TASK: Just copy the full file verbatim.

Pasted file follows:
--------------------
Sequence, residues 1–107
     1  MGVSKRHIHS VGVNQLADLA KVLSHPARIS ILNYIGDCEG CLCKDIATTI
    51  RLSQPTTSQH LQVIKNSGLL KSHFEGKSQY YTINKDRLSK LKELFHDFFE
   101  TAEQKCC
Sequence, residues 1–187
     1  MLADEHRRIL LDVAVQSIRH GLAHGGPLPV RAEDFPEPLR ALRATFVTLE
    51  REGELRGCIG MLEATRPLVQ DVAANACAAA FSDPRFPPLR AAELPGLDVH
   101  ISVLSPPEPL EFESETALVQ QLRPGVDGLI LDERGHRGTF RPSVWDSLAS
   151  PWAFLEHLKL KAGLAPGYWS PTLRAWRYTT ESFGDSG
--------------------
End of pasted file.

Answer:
Sequence, residues 1–107
     1  MGVSKRHIHS VGVNQLADLA KVLSHPARIS ILNYIGDCEG CLCKDIATTI
    51  RLSQPTTSQH LQVIKNSGLL KSHFEGKSQY YTINKDRLSK LKELFHDFFE
   101  TAEQKCC
Sequence, residues 1–187
     1  MLADEHRRIL LDVAVQSIRH GLAHGGPLPV RAEDFPEPLR ALRATFVTLE
    51  REGELRGCIG MLEATRPLVQ DVAANACAAA FSDPRFPPLR AAELPGLDVH
   101  ISVLSPPEPL EFESETALVQ QLRPGVDGLI LDERGHRGTF RPSVWDSLAS
   151  PWAFLEHLKL KAGLAPGYWS PTLRAWRYTT ESFGDSG